May 12, 2015 By Regina Pratt
The Aberdeen women’s Centre last Friday registered no fewer than 500 pregnant women for antenatal care, as part of the rejuvenated free healthcare initiative.
The scheme had unofficially been suspended as a result of the Ebola outbreak which started in May last year.
UNFPA pledge that ‘no woman should die while giving birth’ is supporting this venture by way of providing family planning for pregnant teenagers and women across Sierra Leone.
According to Programme Manager at the Aberdeen Women’s Centre, Augustine Kutubu Kosia, the programme would target pregnant women in the Western Area; expectant mothers from the provinces using addresses in Freetown could be delivered at the centre and provided with post-natal care.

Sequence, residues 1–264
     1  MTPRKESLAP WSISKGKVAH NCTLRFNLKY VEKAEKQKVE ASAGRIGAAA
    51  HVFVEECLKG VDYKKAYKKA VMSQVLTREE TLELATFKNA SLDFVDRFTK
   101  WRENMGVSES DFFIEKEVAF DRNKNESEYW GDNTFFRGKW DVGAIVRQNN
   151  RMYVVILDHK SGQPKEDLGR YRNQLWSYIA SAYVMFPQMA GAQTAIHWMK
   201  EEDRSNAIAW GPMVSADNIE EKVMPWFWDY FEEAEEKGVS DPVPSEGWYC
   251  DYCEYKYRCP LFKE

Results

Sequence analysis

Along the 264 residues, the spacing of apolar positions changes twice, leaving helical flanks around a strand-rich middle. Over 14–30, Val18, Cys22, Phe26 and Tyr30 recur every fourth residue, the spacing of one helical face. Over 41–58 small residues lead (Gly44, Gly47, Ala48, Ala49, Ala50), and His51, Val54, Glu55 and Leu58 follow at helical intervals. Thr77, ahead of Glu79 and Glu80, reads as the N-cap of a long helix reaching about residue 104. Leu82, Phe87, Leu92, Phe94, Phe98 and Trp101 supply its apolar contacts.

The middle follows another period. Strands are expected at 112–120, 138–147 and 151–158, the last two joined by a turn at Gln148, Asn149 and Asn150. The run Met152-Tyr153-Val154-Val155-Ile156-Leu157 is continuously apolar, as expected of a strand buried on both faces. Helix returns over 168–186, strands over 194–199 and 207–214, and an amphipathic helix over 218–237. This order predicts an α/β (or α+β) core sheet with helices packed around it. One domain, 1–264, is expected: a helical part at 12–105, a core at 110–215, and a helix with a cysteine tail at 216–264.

He said fistula patients are qualified as beneficiaries of the antenatal programme and need no registration because they already have the centre card.
Kosia revealed that at the peak of the Ebola outbreak only pregnant women were allowed access at the centre because they needed care for safe delivery, noting that from last December to this March they had registered over 525 pregnant women, among whom are 23% teenagers.
He said the centre would continue to provide services on family planning and to fistula patients even during the post-Ebola era.
“We are providing free outreach family planning in the Aberdeen community,” he said and further disclosed that they had registered close to 400 pregnant women in the community who have started receiving antenatal care.